Wednesday, March 17, 2010



Ska's large brass ensembles gave way to smaller groups and the debt to American Soul music became greater as Ska morphed into Rocksteady. Vocals came to the fore, and the tempo slowed; perhaps, as local folklore says, because the especially hot summer of 1966 led dancers to call for slower songs. Sam Cooke and Curtis Mayfield's Impressions were almost godlike in their influence. Many younger artists, like Bob Marley, Jimmy Cliff, and Toots Hibbert, made their first recordings dur­ing the Ska era, but only came into their own with Rocksteady.

Rocksteady was over almost before it began, but its artistic flowering produced many great records in a com­pressed time span. By 1968, Rocksteady was giving way to Reggae, but pinpointing the first Reggae record is no easier than pinpointing the first Ska or Rocksteady record. Unlike its predeces­sors, Reggae owed little to Fats Domino, the Impressions, or any American music. It was the heartbeat of an island just seventeen degrees from the equator, and it was the sound of country come to town. "Ivan Martin," played by Jimmy Cliff in the film The Harder They Come, was. the quintessential country boy adrift in Kingston 's mean streets. "Until Reggae," said producer lee Perry, who was himself from the country, "it was all Kingston , Kingston , Kingston . Then the country people come to town and they bring the earth, the trees, the mountains. That's when Reggae music come back to the earth."

Rocksteady, like Soul music, had the commercial discipline of white pop music, but Reggae rejected that discipline, and its retrieval of the Africanness in Afro-Caribbean music went hand-in­hand with the rise of Rastafari. The Burrus, who'd lived communally in Jamaica since slavery and held fast to their African roots, shared housing in the low-rent west Kingston district of Dungle with the Rastafarians, who believed that a black king would be crowned in Africa and lead the lost tribes out of Babylon . The music, the beliefs, and the dress of the Rastas influenced the sound, the spiritual agenda, and the look of Reggae.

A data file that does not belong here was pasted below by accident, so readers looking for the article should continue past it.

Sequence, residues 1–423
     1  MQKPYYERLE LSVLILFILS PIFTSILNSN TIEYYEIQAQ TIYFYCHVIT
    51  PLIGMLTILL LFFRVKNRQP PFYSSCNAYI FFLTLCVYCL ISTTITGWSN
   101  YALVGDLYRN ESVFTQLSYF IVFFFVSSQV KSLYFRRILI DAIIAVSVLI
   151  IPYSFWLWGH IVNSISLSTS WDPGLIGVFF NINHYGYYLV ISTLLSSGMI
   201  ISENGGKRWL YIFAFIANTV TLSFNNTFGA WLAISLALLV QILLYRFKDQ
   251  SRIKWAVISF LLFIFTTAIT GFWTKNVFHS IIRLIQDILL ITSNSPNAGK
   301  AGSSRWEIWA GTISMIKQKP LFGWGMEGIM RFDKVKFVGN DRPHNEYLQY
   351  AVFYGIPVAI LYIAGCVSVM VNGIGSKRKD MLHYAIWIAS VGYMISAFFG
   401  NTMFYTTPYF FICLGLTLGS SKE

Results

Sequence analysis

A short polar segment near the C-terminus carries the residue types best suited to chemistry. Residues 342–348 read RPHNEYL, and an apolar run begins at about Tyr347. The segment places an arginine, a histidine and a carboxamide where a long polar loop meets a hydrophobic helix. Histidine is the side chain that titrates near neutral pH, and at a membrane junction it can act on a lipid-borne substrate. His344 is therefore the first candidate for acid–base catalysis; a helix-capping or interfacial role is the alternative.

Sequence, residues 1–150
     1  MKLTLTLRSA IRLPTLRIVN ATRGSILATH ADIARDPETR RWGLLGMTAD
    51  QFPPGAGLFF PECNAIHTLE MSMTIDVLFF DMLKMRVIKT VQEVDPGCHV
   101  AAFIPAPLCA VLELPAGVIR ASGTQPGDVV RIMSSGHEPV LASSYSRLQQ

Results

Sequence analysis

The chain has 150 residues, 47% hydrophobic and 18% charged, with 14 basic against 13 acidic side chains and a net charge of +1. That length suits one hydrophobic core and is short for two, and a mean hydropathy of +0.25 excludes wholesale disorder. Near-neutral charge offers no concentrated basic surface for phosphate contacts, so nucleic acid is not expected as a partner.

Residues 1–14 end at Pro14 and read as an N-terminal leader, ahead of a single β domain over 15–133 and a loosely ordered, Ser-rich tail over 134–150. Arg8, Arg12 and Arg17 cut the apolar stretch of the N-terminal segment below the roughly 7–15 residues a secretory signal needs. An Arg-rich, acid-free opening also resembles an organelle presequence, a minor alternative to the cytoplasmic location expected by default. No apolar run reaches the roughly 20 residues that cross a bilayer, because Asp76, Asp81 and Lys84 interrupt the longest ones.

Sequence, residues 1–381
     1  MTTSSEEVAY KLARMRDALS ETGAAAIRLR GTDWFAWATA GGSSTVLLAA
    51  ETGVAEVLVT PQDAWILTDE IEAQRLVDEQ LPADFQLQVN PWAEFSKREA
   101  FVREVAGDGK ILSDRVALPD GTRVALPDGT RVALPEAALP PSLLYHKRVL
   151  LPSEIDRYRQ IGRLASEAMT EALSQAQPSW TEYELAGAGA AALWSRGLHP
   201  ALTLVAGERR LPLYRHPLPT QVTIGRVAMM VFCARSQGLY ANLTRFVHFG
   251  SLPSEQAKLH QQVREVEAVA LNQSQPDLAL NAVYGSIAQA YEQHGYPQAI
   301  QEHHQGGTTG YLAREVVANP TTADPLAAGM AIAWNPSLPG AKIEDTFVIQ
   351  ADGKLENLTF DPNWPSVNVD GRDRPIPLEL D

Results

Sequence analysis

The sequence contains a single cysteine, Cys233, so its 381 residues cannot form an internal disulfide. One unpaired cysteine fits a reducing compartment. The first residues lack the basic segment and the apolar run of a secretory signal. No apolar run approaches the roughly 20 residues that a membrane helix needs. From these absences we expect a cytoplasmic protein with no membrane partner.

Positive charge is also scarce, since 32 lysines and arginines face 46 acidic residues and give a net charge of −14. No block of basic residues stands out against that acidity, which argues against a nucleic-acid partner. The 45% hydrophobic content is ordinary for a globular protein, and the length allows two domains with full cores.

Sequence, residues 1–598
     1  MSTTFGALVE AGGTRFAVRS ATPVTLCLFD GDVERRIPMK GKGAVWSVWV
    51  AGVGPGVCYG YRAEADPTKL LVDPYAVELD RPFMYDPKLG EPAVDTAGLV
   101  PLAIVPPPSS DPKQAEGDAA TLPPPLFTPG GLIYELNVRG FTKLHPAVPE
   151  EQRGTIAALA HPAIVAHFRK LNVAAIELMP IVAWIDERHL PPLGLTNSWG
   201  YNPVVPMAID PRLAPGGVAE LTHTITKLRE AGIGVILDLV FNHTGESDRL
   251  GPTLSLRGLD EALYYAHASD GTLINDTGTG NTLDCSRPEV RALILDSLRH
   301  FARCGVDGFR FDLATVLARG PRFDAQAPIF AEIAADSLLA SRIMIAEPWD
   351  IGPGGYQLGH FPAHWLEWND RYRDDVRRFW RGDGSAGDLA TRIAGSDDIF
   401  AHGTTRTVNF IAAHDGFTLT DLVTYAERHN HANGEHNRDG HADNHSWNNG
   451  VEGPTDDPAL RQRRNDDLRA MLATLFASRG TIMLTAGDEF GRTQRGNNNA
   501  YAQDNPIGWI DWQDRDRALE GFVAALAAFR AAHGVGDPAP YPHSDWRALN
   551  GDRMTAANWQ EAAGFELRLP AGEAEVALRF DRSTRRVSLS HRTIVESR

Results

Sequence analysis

The music played out against a disinte­grating social backdrop. Jamaica had become independent from Great Britain in 1962, but, as the promise of Independence faded, Reggae became politicized and angry. By the time this set closes in 1975, the music was past making compromises with the tourist trade and long past hoping to get on American radio.

The Trojan Records collection "Dawning of a New Era" chronicles a time during the late 60's when Ska, Rock Steady and Reggae were all blending and evolving, drawing in new fans worldwide. The 2-disc set pulls together prime records from 1968-69, a period when Skinheads were still largely an underground youth movement and not a violent newspaper headline.

The great thing about this set of tracks is you don't get stuck with more copies of Desmond Dekker's hits but rather, you get rare and in demand records. Many of the tracks on this set have never been issued since their original small pressings nearly thirty-five years ago. And with artists of the caliber of Rico Rodriquez, Lloyd Charmers, The Tennors, Lester Sterling, the Ethiopians and Tommy McCook featured, this collection is a great addition to your collection if you like Ska and the Skinhead sound.

The Skinheads were a youth movement that sprang up from the working class youth in Britain. They were seasoned with some angst that came from tough neighborhoods and they choose the Ska beat and Reggae sounds coming out of the West Indies and Black neighborhoods as their own. The beat suited their aggressive and sometimes angry attitude and here are the roots of bands like The Clash and punk rock. The Skinhead interest in Reggae in particular pushed the music into the awareness of the public at large and helped many Reggae artists break into the Pop charts in England. The Skinhead Movement only lasted about four years but it was an important key to mainstream success for Reggae Music.

Much of this "history" is included in the notes for "This is Reggae Music: The Golden Era 1960-1975" - a four CD set that provides a great musical overview of the genre - the selections and sound quality are excellent through out - a vital Ras John Pick! From the booklet included with the four CD box set, "This Is Reggae Music: The Golden Era" (

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